PUTRAJAYA, Aug 30 — Telecommunications companies (telcos) that will provide fifth-generation (5G) services in Malaysia have started technical tests related to their implementation, said Malaysian Communications and Multimedia Commission (MCMC) chief operating officer Datuk Mohd Ali Hanafiah Mohd Yunus.
He said the technical tests comprised five phases in total and they are currently at phase four, while phase five includes aspects of determining the package.
“We see it as a positive development and most probably in September we will see 5G services offered by the service providers. They have already started to provide (5G) to closed user groups of their subscribers,” he said when commenting on the development of Digital Nasional Bhd's (DNB) equity stake agreement with the telcos.
He had earlier witnessed the signing of the Digital Society Research Grant (DSRG) collaboration document here today between the MCMC, Universiti Kuala Lumpur, Malaysian Board of Technologists and Malaysian Nuclear Agency in efforts to realise the development of digital talent and empowerment of digital economy.
On July 1, Communications and Multimedia Minister Tan Sri Annuar Musa was reported to have said that users could expect to enjoy 5G network services in stages by September at the latest, with six companies having signed agreements to take up equities in DNB.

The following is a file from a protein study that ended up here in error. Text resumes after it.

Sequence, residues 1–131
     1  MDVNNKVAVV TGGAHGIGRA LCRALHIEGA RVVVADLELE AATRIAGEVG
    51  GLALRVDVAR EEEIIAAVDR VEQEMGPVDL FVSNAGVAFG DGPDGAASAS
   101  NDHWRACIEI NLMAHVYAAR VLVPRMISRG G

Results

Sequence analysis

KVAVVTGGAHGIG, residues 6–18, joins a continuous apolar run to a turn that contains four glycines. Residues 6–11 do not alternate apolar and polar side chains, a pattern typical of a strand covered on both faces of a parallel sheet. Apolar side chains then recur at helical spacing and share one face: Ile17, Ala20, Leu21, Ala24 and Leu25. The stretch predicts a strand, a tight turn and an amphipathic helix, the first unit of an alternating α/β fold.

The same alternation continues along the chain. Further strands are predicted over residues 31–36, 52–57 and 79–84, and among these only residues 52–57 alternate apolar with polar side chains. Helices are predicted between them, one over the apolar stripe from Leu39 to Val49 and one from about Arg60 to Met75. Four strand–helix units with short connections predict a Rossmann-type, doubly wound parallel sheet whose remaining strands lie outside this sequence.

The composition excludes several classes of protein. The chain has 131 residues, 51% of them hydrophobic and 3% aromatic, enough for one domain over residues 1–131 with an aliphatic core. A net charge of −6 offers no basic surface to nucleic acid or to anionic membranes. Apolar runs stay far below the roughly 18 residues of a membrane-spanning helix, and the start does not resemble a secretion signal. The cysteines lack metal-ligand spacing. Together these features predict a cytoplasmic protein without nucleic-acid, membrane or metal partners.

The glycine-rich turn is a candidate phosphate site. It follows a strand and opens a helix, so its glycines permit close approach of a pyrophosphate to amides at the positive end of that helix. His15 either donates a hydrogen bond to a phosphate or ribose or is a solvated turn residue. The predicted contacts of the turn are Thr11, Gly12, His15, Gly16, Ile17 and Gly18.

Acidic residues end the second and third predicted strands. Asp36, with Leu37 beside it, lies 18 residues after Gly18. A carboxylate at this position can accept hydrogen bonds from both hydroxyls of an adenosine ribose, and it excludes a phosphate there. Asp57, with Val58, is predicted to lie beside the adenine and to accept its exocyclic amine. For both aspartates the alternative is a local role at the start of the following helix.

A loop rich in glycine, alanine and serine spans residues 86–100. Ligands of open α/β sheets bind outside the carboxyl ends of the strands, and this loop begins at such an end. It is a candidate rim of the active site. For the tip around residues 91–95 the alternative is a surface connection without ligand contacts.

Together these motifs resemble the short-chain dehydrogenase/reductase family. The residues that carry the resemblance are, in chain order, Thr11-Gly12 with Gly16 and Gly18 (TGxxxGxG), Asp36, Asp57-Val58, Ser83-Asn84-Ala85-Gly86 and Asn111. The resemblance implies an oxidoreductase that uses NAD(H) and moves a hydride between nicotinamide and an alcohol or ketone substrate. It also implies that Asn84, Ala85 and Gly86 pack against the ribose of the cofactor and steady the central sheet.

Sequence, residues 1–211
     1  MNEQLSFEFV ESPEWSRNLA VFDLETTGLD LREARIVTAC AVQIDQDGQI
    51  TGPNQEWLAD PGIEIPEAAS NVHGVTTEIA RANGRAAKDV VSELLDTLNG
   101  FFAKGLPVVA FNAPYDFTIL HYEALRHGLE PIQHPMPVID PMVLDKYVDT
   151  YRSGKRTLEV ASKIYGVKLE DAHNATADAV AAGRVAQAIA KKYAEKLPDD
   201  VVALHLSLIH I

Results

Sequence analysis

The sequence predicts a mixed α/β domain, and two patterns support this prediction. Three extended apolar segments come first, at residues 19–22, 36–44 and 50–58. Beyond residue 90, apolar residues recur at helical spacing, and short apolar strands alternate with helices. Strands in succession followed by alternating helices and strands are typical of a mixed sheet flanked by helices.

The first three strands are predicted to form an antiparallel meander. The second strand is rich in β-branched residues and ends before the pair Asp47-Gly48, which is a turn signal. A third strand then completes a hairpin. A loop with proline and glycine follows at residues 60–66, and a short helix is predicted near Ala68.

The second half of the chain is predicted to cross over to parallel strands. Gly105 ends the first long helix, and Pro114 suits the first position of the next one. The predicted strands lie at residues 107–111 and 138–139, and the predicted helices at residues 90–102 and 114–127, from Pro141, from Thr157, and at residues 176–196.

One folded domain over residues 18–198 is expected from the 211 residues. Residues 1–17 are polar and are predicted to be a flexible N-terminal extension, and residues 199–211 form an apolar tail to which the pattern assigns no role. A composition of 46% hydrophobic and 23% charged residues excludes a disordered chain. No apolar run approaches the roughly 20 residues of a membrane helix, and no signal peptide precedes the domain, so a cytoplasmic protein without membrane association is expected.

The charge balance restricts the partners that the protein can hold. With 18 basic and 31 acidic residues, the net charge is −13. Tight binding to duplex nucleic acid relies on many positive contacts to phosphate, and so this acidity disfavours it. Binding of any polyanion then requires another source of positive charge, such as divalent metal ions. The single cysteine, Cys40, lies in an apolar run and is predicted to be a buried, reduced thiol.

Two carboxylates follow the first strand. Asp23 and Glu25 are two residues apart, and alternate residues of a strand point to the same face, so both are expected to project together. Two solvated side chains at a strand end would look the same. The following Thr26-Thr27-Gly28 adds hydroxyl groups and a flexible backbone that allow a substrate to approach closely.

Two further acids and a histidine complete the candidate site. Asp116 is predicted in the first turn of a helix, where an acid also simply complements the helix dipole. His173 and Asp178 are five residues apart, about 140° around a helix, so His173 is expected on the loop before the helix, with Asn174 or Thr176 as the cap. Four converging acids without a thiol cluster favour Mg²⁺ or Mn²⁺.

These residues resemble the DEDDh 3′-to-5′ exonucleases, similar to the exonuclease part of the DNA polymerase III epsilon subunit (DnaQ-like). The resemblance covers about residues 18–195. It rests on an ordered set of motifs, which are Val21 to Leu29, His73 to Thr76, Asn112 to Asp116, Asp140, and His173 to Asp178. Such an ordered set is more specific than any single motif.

For now, only YTL Communications, through Yes, has provided 5G services to users in Malaysia.
The country’s six main telcos — Maxis, DiGi, Celcom, U Mobile, YTL and Telekom Malaysia — have agreed to acquire shares in DNB and have been given until tomorrow (Aug 31) to agree on the amount to be paid to gain access to the 5G network, The DNB, which is the government's special purpose company for the rollout of 5G, had previously announced the availability of the network in certain areas in Putrajaya, Cyberjaya and Kuala Lumpur.
On the issue of scammers that is becoming more widespread, Mohd Ali Hanafiah said the MCMC was in discussions with telcos so that they can enhance or introduce defensive mechanisms to prevent calls from scammers.
‘It will take time, but they are working on it,” he said, in addition to working with the banks for the same purpose.
The MCMC will also increase advocacy to the general public and recommend that they download applications that can identify caller names to prevent themselves from being deceived. — Bernama